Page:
Republican Senator Lindsey Graham introduced the bill Tuesday, which would ban most abortions nationwide starting at 15 weeks pregnant.
The South Carolina senator introduced the bill less than three months after the Supreme Court overturned Roe v. Wade, the landmark ruling that established a constitutional right to abortion. The measure would significantly restrict access to abortion in many states — especially blue states, which tend to have more protections for abortion rights.
The legislation has little chance of passing Congress as it stands because Democrats hold narrow majorities in both the House and Senate.
It comes ahead of key midterm elections in November, when expectations of a Republican rout have been called into question as evidence mounts that the Roe reversal has galvanized Democratic voters. Abortion rights advocates warned that a GOP takeover of Congress would lead to erosion of women’s rights, and many were quick to hold Graham’s law as a prime example.
“Y’all ready for a nationwide abortion ban? Vote Republican and that’s what you get,” progressive activist David Hogg tweeted Tuesday morning.
While the title of Graham’s bill suggests it would only ban “late-term” abortions, it would restrict the procedure nationwide to less than four months of pregnancy, the cutoff that falls in the second trimester.
Abortions are usually considered “late term” at 21 weeks of pregnancy or later, according to the health-policy nonprofit. KFF. However, the organization notes that the phrase is not an official medical term and that abortions at this stage are rarely sought and difficult to obtain.
The 15-week mark precedes the point of fetal viability, which is generally considered to be around the 24th week of pregnancy. The Supreme Court ruled in Roe that women have the right to an abortion before viability, and that states can begin imposing restrictions after that point.
In Dobbs v. Jackson Women’s Health Organization in June, the Supreme Court 5-4 overturned Roe and Planned Parenthood v. Casey, another abortion-rights case. A decision by a court that has become much more conservative after the appointment of three former presidents Donald Trump‘s nominees, gave individual states the power to determine their own abortion policies.
Numerous Republican states moved immediately ban abortion altogetherwhile many Democratic leaders sought to enshrine protections for the procedure.
Graham, a close Trump ally, has previously expressed support for states setting their own abortion laws. “This is, in my opinion, the most constitutionally sound way to deal with this issue, and the way the United States dealt with this issue until 1973,” Graham tweeted in May.
But Graham also introduced legislation restricting abortion nationally—albeit his bill for 2021 would ban abortion after 20 weeks, rather than the 15-week limit in the current version.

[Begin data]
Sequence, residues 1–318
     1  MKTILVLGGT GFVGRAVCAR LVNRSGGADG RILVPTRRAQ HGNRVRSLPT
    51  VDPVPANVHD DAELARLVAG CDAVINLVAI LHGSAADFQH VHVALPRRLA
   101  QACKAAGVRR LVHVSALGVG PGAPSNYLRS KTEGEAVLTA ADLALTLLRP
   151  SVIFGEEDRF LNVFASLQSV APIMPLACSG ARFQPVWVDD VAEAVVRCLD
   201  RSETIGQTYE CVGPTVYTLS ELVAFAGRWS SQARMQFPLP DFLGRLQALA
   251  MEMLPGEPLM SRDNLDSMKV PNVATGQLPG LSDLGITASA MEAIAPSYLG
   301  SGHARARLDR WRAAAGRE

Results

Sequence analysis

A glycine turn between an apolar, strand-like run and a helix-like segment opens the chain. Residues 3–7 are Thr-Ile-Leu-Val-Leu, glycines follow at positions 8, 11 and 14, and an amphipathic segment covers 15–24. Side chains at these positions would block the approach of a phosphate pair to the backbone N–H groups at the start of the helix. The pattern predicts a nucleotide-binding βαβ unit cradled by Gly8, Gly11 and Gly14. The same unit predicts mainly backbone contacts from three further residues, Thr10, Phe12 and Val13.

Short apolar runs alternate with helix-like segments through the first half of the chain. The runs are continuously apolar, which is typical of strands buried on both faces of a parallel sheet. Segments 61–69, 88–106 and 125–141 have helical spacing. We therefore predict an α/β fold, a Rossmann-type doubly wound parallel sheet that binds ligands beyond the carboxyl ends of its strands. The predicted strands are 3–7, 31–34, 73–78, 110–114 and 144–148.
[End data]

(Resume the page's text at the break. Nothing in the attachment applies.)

“Abortion is a contentious issue. After Dobbs, America has to make a decision,” Graham said at a press conference Tuesday to unveil the new legislation.
“States have the ability to do this at the state level, and we have the ability in Washington to talk about this issue if we choose to,” he said. “I chose to speak.
At 15 weeks, Graham said, the fetus has developed enough to feel the pain of a miscarriage. After that, his law would allow no abortions except in cases of rape or incest or to save the life of the mother. “And that’s where America should be,” the senator said.
Graham was flanked by leaders of several anti-abortion groups, including Susan B. Anthony, president of Pro-Life America, Marjorie Dannenfelser.
“This is incredible progress, but much more action is needed,” Dannenfelser said in a statement.
The White House criticized Graham in a statement later Tuesday, calling the bill “wildly contrary to what the American people believe” and extolling the legislative goals of the Biden administration, while accusing Republicans of “taking away the rights of millions of women.”
Pro-abortion groups echoed this sentiment while tying the issue directly to the midterm elections.
“Anti-abortion-rights Republicans in Congress are showing us exactly what they plan to do if they win power: enforce a statewide ban on abortion,” Planned Parenthood CEO Alexis McGill Johnson said in a statement.
“We’d like to thank Senator Graham for making it crystal clear to voters today that Republicans are running on a statewide abortion ban in these midterms,” said Dani Negrete, national policy director of the progressive advocacy group Indivisible.
Surveys show attitudes toward abortion shifted to a “pro-choice” position after the Dobbs ruling. Some Republican candidates who previously offered hardline positions on abortion during the GOP primaries did softened or subdued their views as they contest the general election.
Democratic candidates such as Pennsylvania Senate candidate John Fetterman have weighed in on the issue.
“Dr. Oz has made it *very* clear that he wants to take away women’s reproductive freedom,” Fetterman tweeted Tuesday about his Republican opponent, Dr. Mehmet Oz. “With the Republican administration implementing a national abortion ban, it is now more important than ever that we stop it in November.”